Political satire: So has Apple finally seen the light?
Now that Apple has approved Mark Fiore's "NewsToons" iPhone app, will the wall come down for other political-cartoon satire to gain entrance to the store?
So far, there's no app for that.
"I don't know if it changes anything," Fiore tells Comics Riffs on Tuesday, hours after being notified by Apple in a form message that his app had been approved -- this after his Pulitzer win a week earlier apparently led to Apple's reconsideration of his app, which was rejected in December.
"That's what I'm hoping for -- that this opens the floodgates for other political cartoons," Fiore says. "I would feel like a jerk if mine was the only one that got through." Fiore resubmitted his app last Friday at the invitation of Apple and his app was approved Monday, he says.
"I think that if ever there was a time for this to come to a head -- for Apple to change its policy -- now is that time," says Fiore, whose animated-cartoon app was rejected because it "ridicules public figures," violating an Apple condition for inclusion.
"Because I'm now sitting on their site, I'm violating their developer agreement with every minute that passes," says the self-syndicated Fiore, who won the Pulitzer for his SFGate.com animations. His app is now selling for 99 cents and updates automatically, he says.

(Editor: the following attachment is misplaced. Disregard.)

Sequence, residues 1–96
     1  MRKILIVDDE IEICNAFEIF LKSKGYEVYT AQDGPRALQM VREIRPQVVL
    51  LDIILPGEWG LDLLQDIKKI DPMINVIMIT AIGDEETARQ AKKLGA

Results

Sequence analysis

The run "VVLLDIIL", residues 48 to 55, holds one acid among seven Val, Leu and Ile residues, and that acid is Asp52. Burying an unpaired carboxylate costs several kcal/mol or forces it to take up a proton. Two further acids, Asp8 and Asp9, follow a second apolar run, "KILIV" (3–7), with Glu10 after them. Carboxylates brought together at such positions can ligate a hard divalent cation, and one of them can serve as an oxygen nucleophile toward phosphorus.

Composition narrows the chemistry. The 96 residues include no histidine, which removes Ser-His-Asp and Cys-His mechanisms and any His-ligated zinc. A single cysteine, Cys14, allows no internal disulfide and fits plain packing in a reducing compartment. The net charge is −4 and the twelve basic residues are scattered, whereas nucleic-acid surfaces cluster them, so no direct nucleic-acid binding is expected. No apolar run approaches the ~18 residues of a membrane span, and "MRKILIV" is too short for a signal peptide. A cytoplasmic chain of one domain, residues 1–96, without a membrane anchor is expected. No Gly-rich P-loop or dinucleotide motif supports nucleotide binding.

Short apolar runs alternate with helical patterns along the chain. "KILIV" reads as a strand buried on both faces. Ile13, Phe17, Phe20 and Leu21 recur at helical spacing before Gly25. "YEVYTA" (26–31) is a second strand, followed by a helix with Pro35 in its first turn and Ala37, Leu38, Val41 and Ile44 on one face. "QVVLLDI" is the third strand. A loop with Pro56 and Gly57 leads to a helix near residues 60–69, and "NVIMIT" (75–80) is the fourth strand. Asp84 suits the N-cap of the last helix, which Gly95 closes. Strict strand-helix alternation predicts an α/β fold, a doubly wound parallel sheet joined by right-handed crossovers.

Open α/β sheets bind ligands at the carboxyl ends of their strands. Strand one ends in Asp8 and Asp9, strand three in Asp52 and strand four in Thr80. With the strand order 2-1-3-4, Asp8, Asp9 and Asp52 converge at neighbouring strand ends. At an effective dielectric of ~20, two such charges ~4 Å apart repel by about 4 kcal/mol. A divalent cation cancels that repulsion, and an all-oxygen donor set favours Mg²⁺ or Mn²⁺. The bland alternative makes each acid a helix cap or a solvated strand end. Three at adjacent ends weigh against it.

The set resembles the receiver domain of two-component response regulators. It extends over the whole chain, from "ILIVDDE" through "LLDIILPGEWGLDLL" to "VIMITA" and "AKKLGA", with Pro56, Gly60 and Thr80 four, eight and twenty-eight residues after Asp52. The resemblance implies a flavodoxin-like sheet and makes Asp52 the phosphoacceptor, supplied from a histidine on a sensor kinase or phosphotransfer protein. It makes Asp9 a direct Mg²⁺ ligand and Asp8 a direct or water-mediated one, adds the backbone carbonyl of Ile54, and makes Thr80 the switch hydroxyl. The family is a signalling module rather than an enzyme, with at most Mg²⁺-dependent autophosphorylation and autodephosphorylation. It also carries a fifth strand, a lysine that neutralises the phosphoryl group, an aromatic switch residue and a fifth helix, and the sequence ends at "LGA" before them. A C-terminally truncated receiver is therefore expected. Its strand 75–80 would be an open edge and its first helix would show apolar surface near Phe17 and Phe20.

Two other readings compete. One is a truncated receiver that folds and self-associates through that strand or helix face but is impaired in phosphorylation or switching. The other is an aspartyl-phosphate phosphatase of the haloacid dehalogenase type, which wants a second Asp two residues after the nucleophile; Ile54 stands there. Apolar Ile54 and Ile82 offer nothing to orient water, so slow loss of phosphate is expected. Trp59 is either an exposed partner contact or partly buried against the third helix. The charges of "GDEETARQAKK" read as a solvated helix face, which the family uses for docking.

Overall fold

Fiore's case follows the rejections last year of political-themed apps by MAD cartoonist Tom Richmond and syndicator Daryl Cagle. Both of those apps eventually were approved by Apple.
"I think ultimately, Apple is going to have to allow for true freedom of expression on their app store, even expression they don't agree with, if they intend to become an integral part of e-publishing with the iPad," Richmond tells Comic Riffs. "Otherwise they will get squashed by competing devices and formats that do allow for it."
Last year, Richmond drew congressional caricatures for the informational app "Bobble Rep" -- an app that, it could be argued, was humorous but not satirical in nature.
Of Apple, Richmond said that it's "hard to believe they don't remember how their micro-controlling ways allowed Microsoft and Windows to become the overwhelmingly dominant OS on the planet. Windows was arguably an inferior product, but the freedoms it allowed over Apple fueled its acceptance by the masses."
Apple has not returned Comic Riffs's calls seeking comment.
| April 21, 2010; 1:05 PM ET
Categories: Geek Buzz, The Animation, The Political Cartoon | Tags: App Store, Apple, Daryl Cagle, Editorial cartoon, Mark Fiore's NewsToons iPhone app, Pulitzer Prize, San Francisco Chronicle, Steve Jobs, Tom Richmond
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